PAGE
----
Webster Dictionary

  1. Constellationnoun

    a cluster or group of fixed stars, or dvision of the heavens, designated in most cases by the name of some animal, or of some mythologial personage, within whose imaginary outline, as traced upon the heavens, the group is included

    Etymology: [F. constellation, L. constellatio.]

  2. Constellationnoun

    an assemblage of splendors or excellences

    Etymology: [F. constellation, L. constellatio.]

  3. Constellationnoun

    fortune; fate; destiny

    Etymology: [F. constellation, L. constellatio.]

Freebase

  1. Constellation

    In modern astronomy, a constellation is an internationally defined area of the celestial sphere. These areas are grouped around asterisms, which are patterns formed by prominent stars within apparent proximity to one another on Earth's night sky. There are also numerous historical constellations not recognized by the IAU or constellations recognized in regional traditions of astronomy or astrology, such as Chinese, Hindu and Australian Aboriginal.

Dictionary of Military and Associated Terms

  1. constellation

    A number of like satellites that are part of a system. Satellites in a constellation generally have a similar orbit. For example, the Global Positioning System constellation consists of 24 satellites distributed in six orbital planes with similar eccentricities, altitudes, and inclinations. See also Global Positioning System.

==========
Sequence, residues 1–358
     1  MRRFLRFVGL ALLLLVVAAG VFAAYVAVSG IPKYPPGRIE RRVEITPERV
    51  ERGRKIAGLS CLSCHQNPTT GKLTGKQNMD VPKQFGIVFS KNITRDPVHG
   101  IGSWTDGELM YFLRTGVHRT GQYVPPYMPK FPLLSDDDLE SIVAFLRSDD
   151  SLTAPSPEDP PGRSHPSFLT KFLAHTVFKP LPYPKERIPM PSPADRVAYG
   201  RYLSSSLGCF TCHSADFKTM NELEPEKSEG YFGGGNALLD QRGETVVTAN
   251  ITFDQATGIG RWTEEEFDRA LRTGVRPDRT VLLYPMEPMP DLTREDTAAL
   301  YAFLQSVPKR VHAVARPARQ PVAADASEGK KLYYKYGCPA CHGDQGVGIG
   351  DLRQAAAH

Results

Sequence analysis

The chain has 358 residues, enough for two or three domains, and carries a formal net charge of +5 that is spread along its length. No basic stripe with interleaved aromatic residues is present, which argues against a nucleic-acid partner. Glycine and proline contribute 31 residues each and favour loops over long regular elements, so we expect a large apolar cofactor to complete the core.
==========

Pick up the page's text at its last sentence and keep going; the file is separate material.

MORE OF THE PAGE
Editors Contribution

  1. constellation

    A group of stars.

    The night sky constellations are so very beautiful.

    Submitted by MaryC on March 9, 2020  

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Numerology

  1. Chaldean Numerology

    The numerical value of constellation in Chaldean Numerology is: 6

  2. Pythagorean Numerology

    The numerical value of constellation in Pythagorean Numerology is: 6

Examples of constellation in a Sentence

  1. Friedrich Nietzsche:

    Altered opinions do not alter a man's character (or do so very little); but they do illuminate individual aspects of the constellation of his personality which with a different constellation of opinions had hitherto remained dark and unrecognizable.

  2. John Williams:

    Really positive data trends, improvement in the labor market, signs that improve the confidence and the expectation that inflation will move back to 2 percent - I mean could imagine that constellation of data coming in, whether before June or meetings right after that too, but that would require the data to be good.

  3. Charles Krauthammer:

    This is a constellation of events all having to do with women, and watching him on an issue that is central to the conservative movement having no idea how to answer.

  4. John Stephenson:

    Volatility can be to the upside but I think it will probably be slightly to the downside this month because the constellation of news out there and the possible outcomes are probably more negative than positive.

  5. Jeffrey Barrett:

    We’re going to have to really contend with these new variants in the virus in the next phase of the pandemic, something happened that basically allowed a new constellation of mutations to arise.

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Translations for constellation

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    an impression that something might be the case
    • A. snap
    • B. hunch
    • C. serendipity
    • D. ditch